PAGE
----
Maybe I love that atmospheric stuff too much, though. Some of the feedback I’ve been getting from the various editors who have rejected the novels that crime uber agent Stacia Decker is diligently shopping around for me seems to say so. They like my writing more than they like my stories. It may just be that I am out of step with the times. Le Carre was bigger a couple decades ago. Burke has been a consistent success, but never a top seller. I think of Len Deighton and his Bernard Sampson novels – a triptych of trilogies with a separate novel of back story thrown in, ten novels covering the ground that, today, a lot of writers would cover in one – and I wonder how well the introspective characters, the plots that were driven by thoughts and loyalties and philosophies as much as action, the patient writing that spent the time it takes to let a scene or a feeling steep, to gain strength like well-brewed tea, but that also requires patient reading, I wonder what the editorial reaction to books like that would be today. But I loved them.
Yesterday, I received a long-awaited package in the mail. Some weeks back, I’d ordered three books, The Next One to Fall by Hilary Davidson, Dead Harvest by Chris F. Holm, and Blackbirds by Chuck Wendig. The first of those is solidly in my usual reading wheelhouse, but the other two are not. I don’t read much horror, much of anything with a supernatural element, and yet both those books feature just that. Trick was deciding which to read first. I couldn’t decide, so I set all three on the desk and flipped a card up on each one of them. Dead Harvest got the Two of Hearts. Sorry, Chris, but appropriate in a way, because Chris and the charming Kat Holms are the nicest couple you’d ever want to meet. The Next One to Fall got the Queen of Hearts (which also, come to think of it, suits Hilary perfectly). I figured we had a winner. But then I turned up the card for Blackbirds. The Ace of Spades. A book about somebody who can foresee your death and it gets the Ace of Spades? Well, of course.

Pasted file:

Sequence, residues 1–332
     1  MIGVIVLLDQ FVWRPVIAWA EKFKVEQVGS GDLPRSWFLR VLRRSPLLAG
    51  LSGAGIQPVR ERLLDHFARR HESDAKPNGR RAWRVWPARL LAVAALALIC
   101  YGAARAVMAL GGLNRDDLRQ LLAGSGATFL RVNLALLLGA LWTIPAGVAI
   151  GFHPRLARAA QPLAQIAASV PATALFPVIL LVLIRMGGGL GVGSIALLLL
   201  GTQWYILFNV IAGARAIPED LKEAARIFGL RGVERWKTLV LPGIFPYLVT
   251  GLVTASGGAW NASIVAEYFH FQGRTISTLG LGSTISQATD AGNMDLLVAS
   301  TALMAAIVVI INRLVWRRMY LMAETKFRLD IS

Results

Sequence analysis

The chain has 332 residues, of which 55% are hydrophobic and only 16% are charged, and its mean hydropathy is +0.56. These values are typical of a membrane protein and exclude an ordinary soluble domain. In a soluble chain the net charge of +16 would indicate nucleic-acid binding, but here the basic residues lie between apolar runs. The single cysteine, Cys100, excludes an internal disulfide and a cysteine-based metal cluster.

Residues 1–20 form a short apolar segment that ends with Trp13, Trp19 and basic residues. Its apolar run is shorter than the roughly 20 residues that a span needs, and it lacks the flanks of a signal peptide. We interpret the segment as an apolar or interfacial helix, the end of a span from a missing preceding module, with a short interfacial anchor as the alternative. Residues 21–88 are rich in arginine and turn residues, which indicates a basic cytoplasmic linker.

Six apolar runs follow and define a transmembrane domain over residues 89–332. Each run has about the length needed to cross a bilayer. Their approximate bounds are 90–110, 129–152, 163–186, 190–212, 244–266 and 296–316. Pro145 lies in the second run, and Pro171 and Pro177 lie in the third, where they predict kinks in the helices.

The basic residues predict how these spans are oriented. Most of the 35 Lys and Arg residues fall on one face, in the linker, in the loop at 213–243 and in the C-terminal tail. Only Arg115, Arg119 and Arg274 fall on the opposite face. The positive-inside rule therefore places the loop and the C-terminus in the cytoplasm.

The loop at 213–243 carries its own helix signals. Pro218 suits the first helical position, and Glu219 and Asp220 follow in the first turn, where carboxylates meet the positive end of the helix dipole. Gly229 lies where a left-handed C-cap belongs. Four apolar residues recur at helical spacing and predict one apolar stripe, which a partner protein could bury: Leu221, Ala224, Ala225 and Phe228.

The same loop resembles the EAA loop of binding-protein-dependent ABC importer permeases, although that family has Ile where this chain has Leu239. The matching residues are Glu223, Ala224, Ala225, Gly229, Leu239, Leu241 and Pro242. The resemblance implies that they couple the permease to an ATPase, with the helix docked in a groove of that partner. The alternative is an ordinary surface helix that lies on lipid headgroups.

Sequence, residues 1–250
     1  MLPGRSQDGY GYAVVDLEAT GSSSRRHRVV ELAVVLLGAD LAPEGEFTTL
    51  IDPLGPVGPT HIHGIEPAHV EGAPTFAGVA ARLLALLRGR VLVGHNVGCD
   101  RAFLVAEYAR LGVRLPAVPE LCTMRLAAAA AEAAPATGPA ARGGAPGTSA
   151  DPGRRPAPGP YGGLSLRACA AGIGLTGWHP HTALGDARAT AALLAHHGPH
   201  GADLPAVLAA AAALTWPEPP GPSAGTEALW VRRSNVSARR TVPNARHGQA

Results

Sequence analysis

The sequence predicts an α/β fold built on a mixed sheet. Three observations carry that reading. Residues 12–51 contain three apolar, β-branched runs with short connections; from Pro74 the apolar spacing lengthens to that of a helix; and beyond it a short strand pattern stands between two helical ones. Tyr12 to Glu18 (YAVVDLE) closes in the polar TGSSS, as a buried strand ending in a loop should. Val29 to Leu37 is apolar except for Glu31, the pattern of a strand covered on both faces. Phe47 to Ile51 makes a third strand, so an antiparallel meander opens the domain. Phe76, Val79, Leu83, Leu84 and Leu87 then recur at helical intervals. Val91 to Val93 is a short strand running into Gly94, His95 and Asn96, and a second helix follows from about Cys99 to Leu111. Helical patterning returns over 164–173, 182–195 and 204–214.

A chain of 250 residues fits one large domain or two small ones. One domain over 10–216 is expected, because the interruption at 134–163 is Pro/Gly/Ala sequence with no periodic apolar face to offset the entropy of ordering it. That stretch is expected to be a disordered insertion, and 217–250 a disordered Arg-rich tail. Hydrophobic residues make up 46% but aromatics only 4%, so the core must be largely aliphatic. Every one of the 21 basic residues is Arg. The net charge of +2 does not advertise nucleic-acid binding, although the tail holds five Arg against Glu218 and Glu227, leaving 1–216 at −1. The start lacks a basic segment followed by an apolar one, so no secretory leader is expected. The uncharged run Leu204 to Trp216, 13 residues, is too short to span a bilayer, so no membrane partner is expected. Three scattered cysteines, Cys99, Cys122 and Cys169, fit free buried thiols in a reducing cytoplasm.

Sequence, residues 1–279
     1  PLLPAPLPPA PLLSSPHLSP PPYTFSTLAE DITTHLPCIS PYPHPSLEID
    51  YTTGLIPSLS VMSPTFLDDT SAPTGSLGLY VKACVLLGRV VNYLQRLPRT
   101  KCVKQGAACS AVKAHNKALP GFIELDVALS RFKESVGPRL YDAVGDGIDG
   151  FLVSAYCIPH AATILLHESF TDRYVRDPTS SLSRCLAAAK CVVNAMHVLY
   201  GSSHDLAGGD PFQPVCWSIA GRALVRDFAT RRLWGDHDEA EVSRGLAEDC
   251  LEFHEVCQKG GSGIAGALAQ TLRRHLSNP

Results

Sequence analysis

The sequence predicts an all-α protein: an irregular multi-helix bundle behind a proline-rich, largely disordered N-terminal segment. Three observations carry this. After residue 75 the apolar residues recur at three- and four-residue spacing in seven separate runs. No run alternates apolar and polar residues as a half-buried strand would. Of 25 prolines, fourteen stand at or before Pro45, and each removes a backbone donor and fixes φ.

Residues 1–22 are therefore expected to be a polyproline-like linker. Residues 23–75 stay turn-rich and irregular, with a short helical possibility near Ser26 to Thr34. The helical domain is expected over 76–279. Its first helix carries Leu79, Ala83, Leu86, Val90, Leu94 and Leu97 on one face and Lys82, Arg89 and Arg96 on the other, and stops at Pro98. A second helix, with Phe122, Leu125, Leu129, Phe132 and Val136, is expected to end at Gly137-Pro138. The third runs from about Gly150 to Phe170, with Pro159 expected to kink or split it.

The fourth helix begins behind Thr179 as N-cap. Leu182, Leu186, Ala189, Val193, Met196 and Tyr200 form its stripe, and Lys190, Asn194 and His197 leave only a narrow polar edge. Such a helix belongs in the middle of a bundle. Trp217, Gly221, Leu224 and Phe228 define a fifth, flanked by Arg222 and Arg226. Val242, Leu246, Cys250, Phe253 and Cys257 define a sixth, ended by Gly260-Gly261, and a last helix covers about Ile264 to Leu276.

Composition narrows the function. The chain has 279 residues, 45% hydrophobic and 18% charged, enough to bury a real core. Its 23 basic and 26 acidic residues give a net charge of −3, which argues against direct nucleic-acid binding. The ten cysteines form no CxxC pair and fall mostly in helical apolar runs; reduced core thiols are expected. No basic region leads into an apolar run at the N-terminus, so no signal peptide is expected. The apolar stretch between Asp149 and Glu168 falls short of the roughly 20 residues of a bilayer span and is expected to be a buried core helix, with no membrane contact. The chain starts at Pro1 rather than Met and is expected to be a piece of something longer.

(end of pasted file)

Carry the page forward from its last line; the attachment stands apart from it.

I ripped through better than half of Blackbirds last night, got a little wrinkly. (Faithful followers will know I tend to read in the tub, and I was in there longer than usual.) In many ways, Blackbirds is the exact opposite of what I like, of Le Carre or Deighton. Chuck’s attitude toward patience seems to be to cleave its head with an axe, run it through a wood chipper, dump the slurry in a hole and then piss on it for good measure. And yet I was transported, I do know Miriam. It’s just that she’s, well, busier than the characters I usually consort with.
Books can have action and atmosphere.
It’s funny, though. Because as I read the book I was also thinking of the book I would have written starting with the same idea – a woman who is cursed with visions of a person’s death the first time her flesh touches theirs. Chuck’s Miriam reacts with a kind of unfocused nomadic rage, seems to want to avoid the emotional toll of her gift by becoming rootless, by ensuring that what deaths she sees will be the deaths of strangers, by trying to disconnect from the world. She can’t, of course. No one can. And thus the narrative arc of the story is born.
But I couldn’t help but ask myself what Miriam I would write. And I end up with a psychic Emily Dickinson, a woman trying to avoid the world not by moving through it too quickly to be touched, but by withdrawing from it entirely. A woman damned not to touch or be touched by anyone, ever.
Not much of a story there, though, except the story in her own head. The thing is, done right, that’s a story I would read.
The other thing is this. The story I am reading? The rootless enraged Miriam of Blackbirds? I’m enjoying the hell of it, too. And perhaps there is a lesson in that for me, both as a reader and as a writer.